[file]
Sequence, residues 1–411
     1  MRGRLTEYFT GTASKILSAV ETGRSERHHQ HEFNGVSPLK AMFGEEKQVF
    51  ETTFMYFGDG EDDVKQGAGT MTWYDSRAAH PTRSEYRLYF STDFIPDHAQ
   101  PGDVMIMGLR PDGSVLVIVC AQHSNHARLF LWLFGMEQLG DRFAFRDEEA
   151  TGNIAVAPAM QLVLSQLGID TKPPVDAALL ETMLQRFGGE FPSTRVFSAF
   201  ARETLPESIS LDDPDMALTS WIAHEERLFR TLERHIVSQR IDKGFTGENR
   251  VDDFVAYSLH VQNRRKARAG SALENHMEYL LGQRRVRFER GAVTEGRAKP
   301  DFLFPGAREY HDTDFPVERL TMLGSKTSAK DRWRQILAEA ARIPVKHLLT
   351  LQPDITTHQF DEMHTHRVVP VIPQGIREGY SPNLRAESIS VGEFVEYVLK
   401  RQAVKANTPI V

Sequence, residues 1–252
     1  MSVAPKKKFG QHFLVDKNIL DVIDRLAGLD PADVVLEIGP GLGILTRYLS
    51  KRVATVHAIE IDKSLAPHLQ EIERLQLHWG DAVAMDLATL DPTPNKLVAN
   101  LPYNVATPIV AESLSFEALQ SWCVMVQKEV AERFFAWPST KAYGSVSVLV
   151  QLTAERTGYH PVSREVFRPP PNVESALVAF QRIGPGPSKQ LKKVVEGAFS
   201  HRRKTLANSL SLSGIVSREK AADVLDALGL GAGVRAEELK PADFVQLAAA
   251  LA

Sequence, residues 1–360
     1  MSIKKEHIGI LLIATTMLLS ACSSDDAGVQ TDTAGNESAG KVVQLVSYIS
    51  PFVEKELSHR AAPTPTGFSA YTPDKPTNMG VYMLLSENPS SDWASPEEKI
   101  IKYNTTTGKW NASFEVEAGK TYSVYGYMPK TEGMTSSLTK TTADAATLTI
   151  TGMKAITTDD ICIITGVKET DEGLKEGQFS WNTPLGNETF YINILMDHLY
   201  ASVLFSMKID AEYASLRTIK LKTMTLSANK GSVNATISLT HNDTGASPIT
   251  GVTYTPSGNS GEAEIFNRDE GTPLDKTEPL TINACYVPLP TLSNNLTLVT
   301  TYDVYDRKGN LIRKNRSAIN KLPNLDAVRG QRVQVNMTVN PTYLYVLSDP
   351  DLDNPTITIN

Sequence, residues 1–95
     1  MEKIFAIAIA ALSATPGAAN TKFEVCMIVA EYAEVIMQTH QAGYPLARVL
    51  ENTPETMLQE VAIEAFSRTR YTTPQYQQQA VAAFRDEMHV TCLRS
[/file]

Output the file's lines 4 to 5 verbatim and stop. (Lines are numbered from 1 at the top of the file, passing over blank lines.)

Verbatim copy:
   101  PGDVMIMGLR PDGSVLVIVC AQHSNHARLF LWLFGMEQLG DRFAFRDEEA
   151  TGNIAVAPAM QLVLSQLGID TKPPVDAALL ETMLQRFGGE FPSTRVFSAF